Russian chief negotiator, Maxim Medvedkov, said late on November 2, that Moscow had reached an agreement with Georgia in the Swiss-mediated talks over Moscow's WTO entry terms.
Initial reports as carried by the Russian news agencies gave little details of the deal, but later reports suggest that the deal seems to be based on the proposals tabled by the Swiss mediators and accepted by Georgia last week.
Itar-Tass news agency reported quoting Medvedkov that the agreed draft of bilateral agreement “is based on a concept proposed by us and is not going beyond the limits of Russia's principled position.”
“It is in line with the realities existing in the region and does not contravene WTO norms,” he said, adding that according to the agreement a private company will be invited to audit trade, results of which Georgia and Russia should send to WTO's database. A private company, he said, would also help customs officers from Russia and Georgia in certain issues of customs administration.
In separate remarks to The Associated Press, Medvedkov gave more details and listed components of the deal, which were part of the Swiss proposals accepted by Georgia last week.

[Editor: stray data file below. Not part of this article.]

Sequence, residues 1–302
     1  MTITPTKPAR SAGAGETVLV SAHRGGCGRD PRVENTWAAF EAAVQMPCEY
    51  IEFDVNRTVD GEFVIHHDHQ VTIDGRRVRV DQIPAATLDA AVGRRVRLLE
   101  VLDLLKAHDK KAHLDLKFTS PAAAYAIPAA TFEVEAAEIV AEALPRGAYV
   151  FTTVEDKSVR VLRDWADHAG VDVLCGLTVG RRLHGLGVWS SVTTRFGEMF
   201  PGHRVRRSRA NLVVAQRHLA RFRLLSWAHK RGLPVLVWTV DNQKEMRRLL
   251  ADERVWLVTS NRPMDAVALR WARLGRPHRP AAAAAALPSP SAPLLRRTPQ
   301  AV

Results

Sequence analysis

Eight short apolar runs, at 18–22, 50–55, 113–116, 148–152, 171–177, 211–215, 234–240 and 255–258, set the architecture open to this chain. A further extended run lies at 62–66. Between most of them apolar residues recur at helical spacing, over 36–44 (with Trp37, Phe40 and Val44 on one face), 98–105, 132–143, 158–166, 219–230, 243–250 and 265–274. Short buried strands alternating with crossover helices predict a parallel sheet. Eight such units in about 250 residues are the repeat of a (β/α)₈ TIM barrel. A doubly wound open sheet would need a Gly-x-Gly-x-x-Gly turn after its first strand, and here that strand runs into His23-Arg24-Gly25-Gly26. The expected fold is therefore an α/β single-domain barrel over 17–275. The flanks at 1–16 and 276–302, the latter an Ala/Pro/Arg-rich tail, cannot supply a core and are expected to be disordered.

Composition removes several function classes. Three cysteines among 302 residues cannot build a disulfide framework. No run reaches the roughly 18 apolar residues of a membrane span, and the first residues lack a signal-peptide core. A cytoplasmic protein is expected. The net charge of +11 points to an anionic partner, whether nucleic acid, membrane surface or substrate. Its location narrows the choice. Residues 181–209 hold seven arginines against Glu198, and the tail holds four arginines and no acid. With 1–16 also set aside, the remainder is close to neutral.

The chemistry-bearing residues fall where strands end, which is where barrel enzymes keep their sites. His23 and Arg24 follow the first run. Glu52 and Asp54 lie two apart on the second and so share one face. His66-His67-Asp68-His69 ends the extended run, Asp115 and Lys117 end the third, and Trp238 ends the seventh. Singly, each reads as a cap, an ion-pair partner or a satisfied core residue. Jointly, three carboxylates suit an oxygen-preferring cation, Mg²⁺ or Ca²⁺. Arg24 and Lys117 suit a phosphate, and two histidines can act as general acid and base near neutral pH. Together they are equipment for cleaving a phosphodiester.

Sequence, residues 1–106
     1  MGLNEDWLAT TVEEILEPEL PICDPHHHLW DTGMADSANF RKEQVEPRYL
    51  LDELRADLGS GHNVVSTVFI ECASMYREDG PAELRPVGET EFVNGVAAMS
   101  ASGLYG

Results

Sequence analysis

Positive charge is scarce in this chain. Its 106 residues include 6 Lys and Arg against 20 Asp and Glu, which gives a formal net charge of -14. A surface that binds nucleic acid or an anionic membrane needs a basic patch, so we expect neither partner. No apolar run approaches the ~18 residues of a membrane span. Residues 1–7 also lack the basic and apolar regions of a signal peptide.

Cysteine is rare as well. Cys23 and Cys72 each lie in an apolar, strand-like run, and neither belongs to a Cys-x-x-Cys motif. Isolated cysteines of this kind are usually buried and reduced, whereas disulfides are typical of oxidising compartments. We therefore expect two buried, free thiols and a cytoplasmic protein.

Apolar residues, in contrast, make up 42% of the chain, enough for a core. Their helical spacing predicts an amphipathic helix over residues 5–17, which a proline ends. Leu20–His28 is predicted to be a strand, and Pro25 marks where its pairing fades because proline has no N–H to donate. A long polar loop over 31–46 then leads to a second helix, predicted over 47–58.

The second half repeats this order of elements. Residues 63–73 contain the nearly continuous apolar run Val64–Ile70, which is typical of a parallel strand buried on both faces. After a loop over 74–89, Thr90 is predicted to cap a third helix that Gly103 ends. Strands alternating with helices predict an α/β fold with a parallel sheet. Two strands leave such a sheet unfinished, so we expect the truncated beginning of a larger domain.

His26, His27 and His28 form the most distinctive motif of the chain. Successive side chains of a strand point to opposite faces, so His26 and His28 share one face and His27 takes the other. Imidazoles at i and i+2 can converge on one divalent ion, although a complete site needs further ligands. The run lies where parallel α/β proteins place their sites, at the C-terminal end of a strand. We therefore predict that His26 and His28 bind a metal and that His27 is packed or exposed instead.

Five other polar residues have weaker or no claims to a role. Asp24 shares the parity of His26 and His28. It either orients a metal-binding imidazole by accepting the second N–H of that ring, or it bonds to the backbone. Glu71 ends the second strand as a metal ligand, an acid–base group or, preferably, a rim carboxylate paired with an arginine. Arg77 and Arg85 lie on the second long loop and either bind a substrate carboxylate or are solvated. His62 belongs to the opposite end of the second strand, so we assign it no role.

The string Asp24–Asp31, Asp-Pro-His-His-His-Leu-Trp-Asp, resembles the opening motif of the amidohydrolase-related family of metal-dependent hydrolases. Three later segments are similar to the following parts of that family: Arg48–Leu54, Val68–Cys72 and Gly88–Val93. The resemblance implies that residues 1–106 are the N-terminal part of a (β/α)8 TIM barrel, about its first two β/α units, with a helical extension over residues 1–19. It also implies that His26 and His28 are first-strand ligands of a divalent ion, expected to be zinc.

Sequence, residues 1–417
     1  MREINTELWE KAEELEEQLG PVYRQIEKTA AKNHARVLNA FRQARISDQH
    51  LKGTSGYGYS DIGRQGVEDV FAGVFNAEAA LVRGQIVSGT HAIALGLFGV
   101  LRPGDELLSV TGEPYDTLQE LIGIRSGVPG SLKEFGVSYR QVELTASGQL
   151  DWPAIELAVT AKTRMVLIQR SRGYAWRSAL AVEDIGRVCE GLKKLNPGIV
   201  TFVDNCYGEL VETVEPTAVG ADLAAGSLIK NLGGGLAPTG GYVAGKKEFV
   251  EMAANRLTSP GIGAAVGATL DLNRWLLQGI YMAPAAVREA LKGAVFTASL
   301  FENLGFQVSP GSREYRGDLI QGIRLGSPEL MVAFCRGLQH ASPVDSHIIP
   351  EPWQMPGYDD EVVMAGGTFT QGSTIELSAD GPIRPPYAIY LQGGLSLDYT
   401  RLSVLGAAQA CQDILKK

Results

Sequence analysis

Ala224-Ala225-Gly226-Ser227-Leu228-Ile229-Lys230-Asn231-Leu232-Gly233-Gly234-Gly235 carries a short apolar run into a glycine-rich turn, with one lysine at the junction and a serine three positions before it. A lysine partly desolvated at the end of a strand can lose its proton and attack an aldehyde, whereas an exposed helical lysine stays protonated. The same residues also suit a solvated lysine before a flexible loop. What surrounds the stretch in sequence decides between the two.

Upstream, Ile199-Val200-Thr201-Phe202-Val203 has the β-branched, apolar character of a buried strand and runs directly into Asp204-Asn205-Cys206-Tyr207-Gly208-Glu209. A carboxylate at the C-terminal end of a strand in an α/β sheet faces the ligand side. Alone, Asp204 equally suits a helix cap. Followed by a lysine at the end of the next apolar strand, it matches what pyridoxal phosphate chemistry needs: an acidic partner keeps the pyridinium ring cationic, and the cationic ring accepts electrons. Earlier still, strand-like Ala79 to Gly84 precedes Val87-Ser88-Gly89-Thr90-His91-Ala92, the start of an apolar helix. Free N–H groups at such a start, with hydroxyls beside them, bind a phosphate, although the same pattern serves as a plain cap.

He said a neutral company will conduct customs checks on all trade between Georgia and Russia and also trade between Russia and breakaway South Ossetia and Abkhazia.
“It will cover our trade which goes from Russia to Georgia directly,” Medvedkov said. “It will cover also trade which goes from Russia to Georgia and vice versa through Abkhazia and South Ossetia. And also trade which leaves Russian customs territory but is not coming to Georgian customs territory.”
In addition, an independent company will audit data on trade between the countries, he said.
Georgia has yet to react on Russia’s announcement. Georgian negotiators, who left for Geneva late on November 2, are expected to meet with Russian counterparts on Thursday.
Georgian negotiators say that according to the deal a private company, which will monitor trade, should be contracted by Switzerland. Observers from a private company will be deployed at the both ends of so called "trade corridors", but not inside of these corridors, meaning that they will not be stationed inside the breakaway Abkhazia and South Ossetia. Trade corridors, which will be defined by their geographic coordinates not by names, lie through breakaway Abkhazia and South Ossetia.
The monitoring will also involve Zemo Larsi-Kazbegi border crossing point, which is on the undisputed section of the Georgian-Russian border, outside the breakaway regions.
Sergi Kapanadze, the Georgian deputy foreign minister and one of the negotiators, said just before departure to Geneva, that all the technical details and procedures for signing of the bilateral agreement with Russia should be finalized before November 10.
WTO's working party on Russia will meet informally on November 7-8, which is expected to be followed by a formal meeting of the working party on November 9-10.